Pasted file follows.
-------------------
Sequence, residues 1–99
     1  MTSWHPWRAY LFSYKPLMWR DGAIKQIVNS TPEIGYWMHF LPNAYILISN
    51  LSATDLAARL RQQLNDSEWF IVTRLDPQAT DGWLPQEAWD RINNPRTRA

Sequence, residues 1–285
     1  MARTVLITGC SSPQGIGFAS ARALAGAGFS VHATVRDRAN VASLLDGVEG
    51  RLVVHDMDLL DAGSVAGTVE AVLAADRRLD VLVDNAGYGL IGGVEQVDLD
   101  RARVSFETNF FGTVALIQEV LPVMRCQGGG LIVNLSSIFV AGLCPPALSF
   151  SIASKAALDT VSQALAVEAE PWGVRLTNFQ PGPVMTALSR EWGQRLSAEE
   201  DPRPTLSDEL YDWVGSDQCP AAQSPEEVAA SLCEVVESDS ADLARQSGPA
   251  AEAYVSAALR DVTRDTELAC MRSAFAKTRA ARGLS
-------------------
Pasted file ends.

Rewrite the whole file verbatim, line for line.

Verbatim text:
Sequence, residues 1–99
     1  MTSWHPWRAY LFSYKPLMWR DGAIKQIVNS TPEIGYWMHF LPNAYILISN
    51  LSATDLAARL RQQLNDSEWF IVTRLDPQAT DGWLPQEAWD RINNPRTRA

Sequence, residues 1–285
     1  MARTVLITGC SSPQGIGFAS ARALAGAGFS VHATVRDRAN VASLLDGVEG
    51  RLVVHDMDLL DAGSVAGTVE AVLAADRRLD VLVDNAGYGL IGGVEQVDLD
   101  RARVSFETNF FGTVALIQEV LPVMRCQGGG LIVNLSSIFV AGLCPPALSF
   151  SIASKAALDT VSQALAVEAE PWGVRLTNFQ PGPVMTALSR EWGQRLSAEE
   201  DPRPTLSDEL YDWVGSDQCP AAQSPEEVAA SLCEVVESDS ADLARQSGPA
   251  AEAYVSAALR DVTRDTELAC MRSAFAKTRA ARGLS